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International Review of Administrative Sciences 81 4 , , State and civil society in South Korea's democratic consolidation: is the battle really over?

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S Kim Asian Survey 37 12 , , Civil society and democratization S Kim Korean society, , Democratization and environmentalism: South Korea and Taiwan in comparative perspective S Kim Journal of Asian and African studies 35 3 , , Korea became the first new democracy in Asia where a horizontal transfer of power occurred through the electoral process.

Sunhyuk Kim's study of democratization in Korea argues that the momentum for political change in Korea has consistently emanated from oppositional civil society rather than from the state.

Women's role in the democratization of South Korea - Wikipedia

He develops a civil society paradigm and utilizes Korea's three authoritarian breakdowns only two of which resulted in democratic transitions to illustrate the past and present influences of Korean civil society groups on authoritarian breakdowns, democratic transitions, and post-transition democratic consolidations. One of the first systematic attempts to apply a civil society framework to a democratizing country in East Asia, The Politics of Democratization in Korea will be of use to political scientists and advanced undergraduate and graduate students working in comparative politics, political theory, East Asian politics, and the politics of democratization.

  • Middle Class, Civil Society and Democracy in Asia;
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First, I discuss the role of civil society in a democratic transition to clarify the broader political configuration in Indonesia. Second, the emergence of current President Joko Widodo Jokowi , a product of democratic reform, is discussed in relation to recent developments in civil society.

Third, focusing on the political zigzag around the law used for the direct election of regional heads, I clarify how civil society contributes to retaining institutional reforms.

In this case, the demands of civil society were very clear and placed pressure on the political elite. Analyzing these cases, I show conditions where the demands of civil society were realized.

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The dramatic showdown in Jakarta in May was not dissimilar from those that occurred on stage or backstage in Cairo in February Students led a rally to demand reformasi reformation and occupied the parliament building before toppling President Suharto, who had ruled for more than 30 years. Backstage, the military ditched the dictator and in the end, delivered an ultimatum.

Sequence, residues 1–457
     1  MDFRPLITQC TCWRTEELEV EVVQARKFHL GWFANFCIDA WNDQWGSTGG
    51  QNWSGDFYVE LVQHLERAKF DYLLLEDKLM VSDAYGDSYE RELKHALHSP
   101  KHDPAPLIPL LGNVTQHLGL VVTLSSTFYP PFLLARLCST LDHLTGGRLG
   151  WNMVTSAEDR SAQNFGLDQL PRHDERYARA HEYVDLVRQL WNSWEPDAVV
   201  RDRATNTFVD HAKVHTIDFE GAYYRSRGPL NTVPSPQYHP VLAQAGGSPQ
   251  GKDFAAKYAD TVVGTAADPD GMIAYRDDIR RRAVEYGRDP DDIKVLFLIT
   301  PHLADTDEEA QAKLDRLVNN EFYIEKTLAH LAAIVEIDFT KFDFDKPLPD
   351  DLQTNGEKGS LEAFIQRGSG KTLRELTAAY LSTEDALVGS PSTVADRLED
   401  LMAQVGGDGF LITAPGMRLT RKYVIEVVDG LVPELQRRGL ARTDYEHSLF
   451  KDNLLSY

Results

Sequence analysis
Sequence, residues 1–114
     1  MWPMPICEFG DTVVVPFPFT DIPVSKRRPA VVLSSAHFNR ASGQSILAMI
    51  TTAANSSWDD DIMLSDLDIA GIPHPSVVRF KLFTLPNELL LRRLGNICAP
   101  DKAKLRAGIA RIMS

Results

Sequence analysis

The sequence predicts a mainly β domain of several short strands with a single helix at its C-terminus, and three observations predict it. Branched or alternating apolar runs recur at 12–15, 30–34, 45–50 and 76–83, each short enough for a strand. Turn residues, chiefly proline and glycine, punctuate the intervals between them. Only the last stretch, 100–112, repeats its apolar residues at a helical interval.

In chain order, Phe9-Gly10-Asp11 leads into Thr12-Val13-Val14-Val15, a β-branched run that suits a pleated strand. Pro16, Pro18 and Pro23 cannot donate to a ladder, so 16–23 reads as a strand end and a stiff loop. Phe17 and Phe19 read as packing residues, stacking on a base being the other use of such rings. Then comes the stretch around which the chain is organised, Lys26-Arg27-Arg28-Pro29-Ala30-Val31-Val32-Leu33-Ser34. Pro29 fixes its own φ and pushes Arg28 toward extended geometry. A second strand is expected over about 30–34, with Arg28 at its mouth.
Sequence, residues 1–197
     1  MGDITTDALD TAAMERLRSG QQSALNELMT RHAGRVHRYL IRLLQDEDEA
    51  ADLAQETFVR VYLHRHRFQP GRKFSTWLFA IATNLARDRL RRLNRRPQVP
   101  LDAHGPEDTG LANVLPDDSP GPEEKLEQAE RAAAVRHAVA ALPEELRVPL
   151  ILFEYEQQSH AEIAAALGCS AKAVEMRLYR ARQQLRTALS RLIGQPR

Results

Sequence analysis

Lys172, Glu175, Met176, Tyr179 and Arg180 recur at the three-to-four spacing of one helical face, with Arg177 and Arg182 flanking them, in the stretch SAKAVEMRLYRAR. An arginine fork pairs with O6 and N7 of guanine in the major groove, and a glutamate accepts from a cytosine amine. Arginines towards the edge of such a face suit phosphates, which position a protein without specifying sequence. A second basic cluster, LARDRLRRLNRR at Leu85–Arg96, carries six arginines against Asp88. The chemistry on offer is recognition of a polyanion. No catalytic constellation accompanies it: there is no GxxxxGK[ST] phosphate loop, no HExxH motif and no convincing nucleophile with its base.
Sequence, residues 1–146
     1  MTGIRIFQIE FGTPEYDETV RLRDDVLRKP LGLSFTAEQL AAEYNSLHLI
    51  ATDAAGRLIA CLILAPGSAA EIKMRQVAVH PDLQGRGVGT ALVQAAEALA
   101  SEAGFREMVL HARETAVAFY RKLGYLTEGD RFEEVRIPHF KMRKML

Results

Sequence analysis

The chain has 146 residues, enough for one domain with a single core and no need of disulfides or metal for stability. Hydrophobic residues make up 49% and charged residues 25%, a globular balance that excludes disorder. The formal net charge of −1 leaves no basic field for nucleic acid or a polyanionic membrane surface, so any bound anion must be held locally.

Middle Class, Civil Society and Democracy in Asia

There was close communication between student activists and the political elite, including military generals and ruling party politicians. Muslim student organizations were particularly important in connecting student activists on the streets with their alumni in parliament. This active involvement of Muslim activists in the ruling party became apparent around That is, Golkar had been gradually Islamized, or become at least less secular.

Consequently, these civil society organizations CSOs were not fully detached from the authoritarian regime. This physical and ideological closeness between the former political elite and CSOs brought about a relatively smooth transition in Indonesia. Some of the members of the CSOs became politicians after the transition.

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Leaders of two major Muslim organizations, Nahdlatul Ulama and Muhammadiyah, formed political parties. Although coalitions have not always been stable and criticism of the government often appeared within the coalitions, the conflicts among political parties were generally settled by backdoor negotiations; others have drifted, even if not resolved by legal or judicial procedures.

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The military gave up appointed seats in the House, but some retired generals joined political parties and retained informal influence. Differences between Islamic and secular parties barely matter. Good or bad, the Indonesian political changes were not dramatic. Continuity of the old and new political elites, their ideological affinity, and closeness between the elite and CSOs made it easier to reach consensus on gradual democratic reforms.

These situations contrast the polarization and tensions in countries such as Egypt and Thailand, where conflicts between the old and new ruling elites could not be resolved following formal procedures, and where military coups rejected popularly elected governments.